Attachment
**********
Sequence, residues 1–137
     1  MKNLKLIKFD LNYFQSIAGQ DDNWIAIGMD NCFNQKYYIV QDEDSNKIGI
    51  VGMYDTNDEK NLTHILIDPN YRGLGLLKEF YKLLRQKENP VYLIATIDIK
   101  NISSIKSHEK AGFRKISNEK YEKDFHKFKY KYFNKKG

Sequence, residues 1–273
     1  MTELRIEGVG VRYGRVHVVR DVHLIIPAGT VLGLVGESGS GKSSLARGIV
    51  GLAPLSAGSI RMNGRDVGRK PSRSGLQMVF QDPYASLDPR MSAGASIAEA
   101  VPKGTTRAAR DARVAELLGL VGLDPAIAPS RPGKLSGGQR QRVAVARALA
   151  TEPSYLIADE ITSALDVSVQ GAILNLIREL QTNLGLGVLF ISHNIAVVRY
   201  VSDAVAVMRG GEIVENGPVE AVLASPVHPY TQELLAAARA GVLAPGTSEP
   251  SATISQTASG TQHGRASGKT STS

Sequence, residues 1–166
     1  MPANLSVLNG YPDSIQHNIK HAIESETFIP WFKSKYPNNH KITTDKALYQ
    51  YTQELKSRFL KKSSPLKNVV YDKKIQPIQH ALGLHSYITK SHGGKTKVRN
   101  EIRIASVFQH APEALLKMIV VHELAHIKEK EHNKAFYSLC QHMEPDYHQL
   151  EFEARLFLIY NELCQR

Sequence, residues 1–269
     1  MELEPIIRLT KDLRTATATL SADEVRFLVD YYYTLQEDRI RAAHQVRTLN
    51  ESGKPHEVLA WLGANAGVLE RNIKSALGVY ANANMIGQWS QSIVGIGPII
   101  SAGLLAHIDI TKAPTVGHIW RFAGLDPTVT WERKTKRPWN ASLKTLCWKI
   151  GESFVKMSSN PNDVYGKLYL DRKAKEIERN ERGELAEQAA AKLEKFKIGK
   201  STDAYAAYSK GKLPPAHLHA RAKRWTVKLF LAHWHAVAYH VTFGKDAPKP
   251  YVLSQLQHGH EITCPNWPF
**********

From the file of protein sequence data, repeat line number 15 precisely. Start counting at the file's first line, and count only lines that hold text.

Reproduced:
   101  EIRIASVFQH APEALLKMIV VHELAHIKEK EHNKAFYSLC QHMEPDYHQL